This recall and repurchase offer comes at a time when new car owners don’t have a lot of options for replacement. EV demand is high and supply is low, leading to low stock and high dealer markups everywhere. Used and new gas cars are also commanding higher prices as the COVID-19 pandemic continues to affect world vehicle supplies.

So even for bZ4X owners who are turned off by this recall saga, they might stick with the loaner offer, at least partially due to the lack of availability of other options for replacement.

And for those with the car on order, they’re stuck in limbo wondering whether to cancel their order and try to find another car in a tight market or stick with it and hope for a rapid fix so they don’t have to dive back into the pool of possibly yearlong EV order periods for other models.

Electrek’s Take

I’ve driven the bZ4X, though only a short drive around a few blocks. There was nothing particularly wrong with it, but it was a little uninspiring to this longtime EV driver. It felt like an initial effort by the company – still with many of the benefits of an EV that makes it better than a gas car but without some of the refinements that you might see from a more mature second- or third-generation effort.

But Toyota owners don’t necessarily want something inspiring. They just want a good, reliable car that will get them from point A to point B at a reasonable price… without the wheels falling off.

In the last decade and a half of electric vehicle ownership, one thing I’ve heard often goes along the lines of “yeah well, when the big automakers decide to go electric, they’ll crush start-ups easily with their superior quality and manufacturing prowess.” I’ve heard this time and time again, regardless of what the current status of the industry looked like at the time.

And here we have Toyota, the biggest automaker in the world with one of the highest reputations for quality – the company that introduced the kaizen manufacturing philosophy to the world and influenced manufacturers across industries – and they’ve completely screwed it up.

That said, thankfully the issue here does not have anything to do with the EV powertrain, which speaks to the simplicity of EV powertrains in general as electric motors are much less complex than gas engines are. But this only makes the situation more mind-boggling – why would Toyota, which has so much expertise with manufacturing, have trouble with something as basic as wheels? And how is it taking them this long to fix it?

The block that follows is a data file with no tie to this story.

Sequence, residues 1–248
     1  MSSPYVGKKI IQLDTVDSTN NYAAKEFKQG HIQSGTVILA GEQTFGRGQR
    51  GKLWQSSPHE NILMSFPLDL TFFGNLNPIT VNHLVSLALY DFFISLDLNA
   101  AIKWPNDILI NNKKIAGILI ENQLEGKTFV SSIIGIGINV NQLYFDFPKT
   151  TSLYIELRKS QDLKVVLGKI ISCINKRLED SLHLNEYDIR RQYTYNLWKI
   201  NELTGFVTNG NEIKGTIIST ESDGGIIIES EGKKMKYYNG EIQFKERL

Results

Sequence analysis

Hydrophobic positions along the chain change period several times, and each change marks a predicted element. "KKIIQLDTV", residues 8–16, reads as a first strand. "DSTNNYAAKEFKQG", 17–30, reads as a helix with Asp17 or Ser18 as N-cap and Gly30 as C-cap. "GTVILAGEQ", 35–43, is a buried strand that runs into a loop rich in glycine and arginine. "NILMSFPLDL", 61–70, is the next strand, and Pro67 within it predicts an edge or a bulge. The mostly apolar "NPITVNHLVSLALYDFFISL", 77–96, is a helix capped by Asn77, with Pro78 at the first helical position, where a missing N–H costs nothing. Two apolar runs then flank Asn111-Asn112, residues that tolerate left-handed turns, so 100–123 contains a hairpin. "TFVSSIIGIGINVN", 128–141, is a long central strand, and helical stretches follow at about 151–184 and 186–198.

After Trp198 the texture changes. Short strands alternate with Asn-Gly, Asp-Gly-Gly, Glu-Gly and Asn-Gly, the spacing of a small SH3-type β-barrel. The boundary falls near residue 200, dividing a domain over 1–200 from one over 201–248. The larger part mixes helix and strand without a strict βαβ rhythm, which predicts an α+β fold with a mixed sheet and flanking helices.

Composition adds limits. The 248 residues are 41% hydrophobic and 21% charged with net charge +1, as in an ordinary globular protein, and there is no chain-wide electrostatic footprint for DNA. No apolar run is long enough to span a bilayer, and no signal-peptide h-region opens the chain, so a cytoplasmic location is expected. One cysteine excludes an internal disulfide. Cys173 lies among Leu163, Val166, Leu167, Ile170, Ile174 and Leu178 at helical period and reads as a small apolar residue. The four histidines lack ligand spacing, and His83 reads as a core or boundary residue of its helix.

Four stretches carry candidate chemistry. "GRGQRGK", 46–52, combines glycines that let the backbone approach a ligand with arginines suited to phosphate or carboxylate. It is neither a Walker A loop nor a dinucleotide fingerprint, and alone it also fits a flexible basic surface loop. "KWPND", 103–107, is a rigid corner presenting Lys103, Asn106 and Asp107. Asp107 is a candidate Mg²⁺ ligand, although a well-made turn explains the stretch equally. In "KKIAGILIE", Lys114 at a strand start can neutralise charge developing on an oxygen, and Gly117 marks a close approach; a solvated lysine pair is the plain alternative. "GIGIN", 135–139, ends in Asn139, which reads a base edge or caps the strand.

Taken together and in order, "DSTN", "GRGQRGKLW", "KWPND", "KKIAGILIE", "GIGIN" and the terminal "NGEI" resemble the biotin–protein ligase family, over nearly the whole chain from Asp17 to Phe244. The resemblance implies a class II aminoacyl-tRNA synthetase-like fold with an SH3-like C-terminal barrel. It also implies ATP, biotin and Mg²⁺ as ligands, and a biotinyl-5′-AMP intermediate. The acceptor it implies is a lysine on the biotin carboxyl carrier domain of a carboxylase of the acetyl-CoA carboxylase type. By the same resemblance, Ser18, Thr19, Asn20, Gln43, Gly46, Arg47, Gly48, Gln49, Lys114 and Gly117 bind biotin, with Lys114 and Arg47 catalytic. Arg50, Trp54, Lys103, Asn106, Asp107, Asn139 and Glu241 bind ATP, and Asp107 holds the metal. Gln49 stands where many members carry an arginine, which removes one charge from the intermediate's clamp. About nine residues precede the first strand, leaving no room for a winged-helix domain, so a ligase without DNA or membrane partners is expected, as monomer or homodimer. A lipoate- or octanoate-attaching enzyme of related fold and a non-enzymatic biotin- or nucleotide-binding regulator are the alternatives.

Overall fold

After so many years of acting as if they knew better than the rest of the industry on EVs (while taking many steps against them), this is a major misstep by Toyota, and it only gets worse by the day. We have said time and time again that Toyota needs to get their act together on EVs, and this remains true – both for their and Japan’s sake.

This wouldn’t be so bad if it were 2,700 random vehicles, but it’s all of Toyota’s first electric car, and even without powertrain problems, this is a huge blow to their EV program, which will only leave them further behind in a race they’re already behind everyone on.

The remedy offered here does seem to be reasonable enough. They’re doing right by these customers, at least, with what they have.

But what these customers probably want the most is the car they bought, and the remedy doesn’t give them that yet, nor a timeline for when that will happen. It doesn’t even give them an electric car, because Toyota doesn’t have any other electric cars they can give out (the RAV4 Prime plug-in hybrid is their closest analogue).

Are you a bZ4X owner or order holder? What do you think about this recall offer? Do you want to take the loaner or repurchase? If you’re an order holder, has this recall affected your thoughts on whether or not to go through with it? Let us know in the comments.

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About the Author

Jameson Dow

Jameson has been driving electric vehicles since 2009, and has been writing about them and about clean energy for electrek.co since 2016.

You can contact him at jamie@electrek.co